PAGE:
For many patients, a hip operation can greatly increase one's ability to move without pain, fostering a return to a more active and healthy lifestyle.
The hip is one of the body’s largest joints. It is a ball-and-socket joint. The acetabulum (socket) is part of the large pelvis bone. The ball is the femoral head, which is the upper end of the femur(thighbone).
The bone surfaces of the ball and socket are normally covered with cartilage, a smooth tissue that cushions the ends of the bones and enables them to move easily. The ball rotates in the socket to permit you to move your leg forward, backward and away from your body. In the damaged hip, the cartilage is worn and can no longer serve as the cushion. The damaged bones rub together and the surface becomes rough—this results in pain, swelling, and decreased movement and mobility.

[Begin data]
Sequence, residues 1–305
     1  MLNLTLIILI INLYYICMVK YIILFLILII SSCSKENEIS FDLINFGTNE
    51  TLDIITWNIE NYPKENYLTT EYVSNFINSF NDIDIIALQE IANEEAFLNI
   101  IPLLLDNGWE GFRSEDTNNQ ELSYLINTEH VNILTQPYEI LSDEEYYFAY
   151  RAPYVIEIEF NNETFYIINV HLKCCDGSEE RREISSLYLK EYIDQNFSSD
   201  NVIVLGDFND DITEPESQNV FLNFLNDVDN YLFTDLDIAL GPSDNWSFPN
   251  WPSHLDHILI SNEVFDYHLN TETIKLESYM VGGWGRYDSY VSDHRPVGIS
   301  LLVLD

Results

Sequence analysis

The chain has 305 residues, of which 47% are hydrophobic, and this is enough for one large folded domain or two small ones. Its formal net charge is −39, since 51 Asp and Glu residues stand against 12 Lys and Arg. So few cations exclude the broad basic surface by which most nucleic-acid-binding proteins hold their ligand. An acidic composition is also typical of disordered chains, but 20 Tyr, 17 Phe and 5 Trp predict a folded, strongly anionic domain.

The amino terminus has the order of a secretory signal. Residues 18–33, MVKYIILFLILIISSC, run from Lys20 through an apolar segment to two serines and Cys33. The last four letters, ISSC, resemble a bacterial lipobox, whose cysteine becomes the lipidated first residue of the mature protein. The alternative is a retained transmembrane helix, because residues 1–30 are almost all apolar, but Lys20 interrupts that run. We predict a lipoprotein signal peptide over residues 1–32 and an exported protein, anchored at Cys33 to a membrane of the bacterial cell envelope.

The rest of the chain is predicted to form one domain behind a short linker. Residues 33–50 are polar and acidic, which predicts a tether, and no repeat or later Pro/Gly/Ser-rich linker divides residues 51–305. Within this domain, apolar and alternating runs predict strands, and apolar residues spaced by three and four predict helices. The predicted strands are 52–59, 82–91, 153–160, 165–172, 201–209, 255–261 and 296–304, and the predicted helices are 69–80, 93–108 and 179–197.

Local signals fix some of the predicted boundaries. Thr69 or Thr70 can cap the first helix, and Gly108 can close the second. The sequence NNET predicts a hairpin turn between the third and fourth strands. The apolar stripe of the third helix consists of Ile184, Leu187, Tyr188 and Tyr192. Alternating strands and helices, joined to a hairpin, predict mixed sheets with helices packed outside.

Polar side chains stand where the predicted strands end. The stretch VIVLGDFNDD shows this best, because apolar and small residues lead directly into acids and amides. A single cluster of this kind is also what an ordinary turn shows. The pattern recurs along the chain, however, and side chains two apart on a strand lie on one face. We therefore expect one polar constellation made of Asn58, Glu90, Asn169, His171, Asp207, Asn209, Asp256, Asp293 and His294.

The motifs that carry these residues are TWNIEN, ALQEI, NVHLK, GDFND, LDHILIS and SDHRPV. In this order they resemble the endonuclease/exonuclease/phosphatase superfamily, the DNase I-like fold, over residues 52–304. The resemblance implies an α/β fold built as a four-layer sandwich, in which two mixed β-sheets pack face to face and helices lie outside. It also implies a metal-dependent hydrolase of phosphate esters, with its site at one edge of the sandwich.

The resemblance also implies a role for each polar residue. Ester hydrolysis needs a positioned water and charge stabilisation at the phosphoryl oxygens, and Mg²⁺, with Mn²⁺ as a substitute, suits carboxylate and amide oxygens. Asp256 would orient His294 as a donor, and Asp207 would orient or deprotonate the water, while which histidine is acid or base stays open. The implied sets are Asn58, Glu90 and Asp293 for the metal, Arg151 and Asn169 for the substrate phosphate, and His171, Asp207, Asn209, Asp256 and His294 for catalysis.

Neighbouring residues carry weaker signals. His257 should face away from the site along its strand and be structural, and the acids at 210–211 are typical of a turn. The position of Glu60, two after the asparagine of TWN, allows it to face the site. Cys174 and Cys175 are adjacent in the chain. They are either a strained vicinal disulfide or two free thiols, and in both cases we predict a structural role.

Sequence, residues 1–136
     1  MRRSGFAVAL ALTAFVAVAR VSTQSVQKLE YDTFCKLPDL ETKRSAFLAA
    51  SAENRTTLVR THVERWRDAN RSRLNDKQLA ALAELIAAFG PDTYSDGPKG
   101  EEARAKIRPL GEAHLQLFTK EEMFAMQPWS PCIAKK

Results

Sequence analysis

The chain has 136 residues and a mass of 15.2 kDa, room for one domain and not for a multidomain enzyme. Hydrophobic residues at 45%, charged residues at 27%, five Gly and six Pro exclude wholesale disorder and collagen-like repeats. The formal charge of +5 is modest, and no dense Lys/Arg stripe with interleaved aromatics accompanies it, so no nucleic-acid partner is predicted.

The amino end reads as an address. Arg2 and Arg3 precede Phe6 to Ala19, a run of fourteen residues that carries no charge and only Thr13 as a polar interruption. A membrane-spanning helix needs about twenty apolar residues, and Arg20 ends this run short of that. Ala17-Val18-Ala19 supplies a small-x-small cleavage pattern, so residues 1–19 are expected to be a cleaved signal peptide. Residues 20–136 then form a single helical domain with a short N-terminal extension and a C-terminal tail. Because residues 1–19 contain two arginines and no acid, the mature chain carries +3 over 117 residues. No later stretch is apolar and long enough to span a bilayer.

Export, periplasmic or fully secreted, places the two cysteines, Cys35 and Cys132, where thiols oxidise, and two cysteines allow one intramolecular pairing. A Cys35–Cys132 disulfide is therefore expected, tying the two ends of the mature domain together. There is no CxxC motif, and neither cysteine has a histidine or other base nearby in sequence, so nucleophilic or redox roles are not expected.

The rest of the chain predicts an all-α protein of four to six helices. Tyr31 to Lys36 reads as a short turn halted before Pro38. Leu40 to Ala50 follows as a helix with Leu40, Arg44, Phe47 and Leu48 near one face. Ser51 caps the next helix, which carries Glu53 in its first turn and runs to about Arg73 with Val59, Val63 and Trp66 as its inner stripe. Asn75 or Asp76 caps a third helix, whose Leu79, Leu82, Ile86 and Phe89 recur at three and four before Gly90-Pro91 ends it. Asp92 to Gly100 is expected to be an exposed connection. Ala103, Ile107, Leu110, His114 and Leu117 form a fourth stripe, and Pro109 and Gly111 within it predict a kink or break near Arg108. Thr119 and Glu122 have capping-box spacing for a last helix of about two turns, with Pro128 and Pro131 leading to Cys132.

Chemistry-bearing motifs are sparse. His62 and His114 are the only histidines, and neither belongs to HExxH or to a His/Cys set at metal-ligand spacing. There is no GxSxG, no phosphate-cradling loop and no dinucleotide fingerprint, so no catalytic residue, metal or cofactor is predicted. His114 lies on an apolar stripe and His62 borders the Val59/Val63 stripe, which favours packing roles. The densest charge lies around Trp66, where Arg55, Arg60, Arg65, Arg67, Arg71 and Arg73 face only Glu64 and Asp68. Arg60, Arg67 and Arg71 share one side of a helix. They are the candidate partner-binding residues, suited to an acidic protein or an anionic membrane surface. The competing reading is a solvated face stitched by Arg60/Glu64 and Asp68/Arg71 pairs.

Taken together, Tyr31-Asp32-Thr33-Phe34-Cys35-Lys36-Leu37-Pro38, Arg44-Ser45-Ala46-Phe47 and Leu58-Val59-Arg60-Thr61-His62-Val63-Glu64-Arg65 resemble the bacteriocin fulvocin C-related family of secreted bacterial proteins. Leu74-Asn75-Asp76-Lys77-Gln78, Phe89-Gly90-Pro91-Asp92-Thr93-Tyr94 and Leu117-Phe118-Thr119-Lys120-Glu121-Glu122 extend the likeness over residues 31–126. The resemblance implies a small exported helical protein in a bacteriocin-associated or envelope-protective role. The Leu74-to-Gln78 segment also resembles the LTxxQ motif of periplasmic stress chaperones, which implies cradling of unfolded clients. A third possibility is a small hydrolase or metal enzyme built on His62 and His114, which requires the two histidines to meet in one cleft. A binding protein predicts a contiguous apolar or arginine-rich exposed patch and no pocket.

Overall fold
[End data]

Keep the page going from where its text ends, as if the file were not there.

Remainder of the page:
Total Hip Replacement
In this operation, the upper portion of the femur (thigh bone) is cut so that it is able to accept a metal stem which has an artificial ball on the top. The ball then fits into an artificial socket that is secured to the patient’s pelvic bone.
Revisions of Hip Replacement
For patients who have had previous hip surgery, there are times when the parts wear out, break or need adjusting. Revisions can mean replacement of some or all the parts of a previous artificial hip.
Typically used for fractures of the hip in some patients, this operation essentially replaces a broken ball joint but not the socket.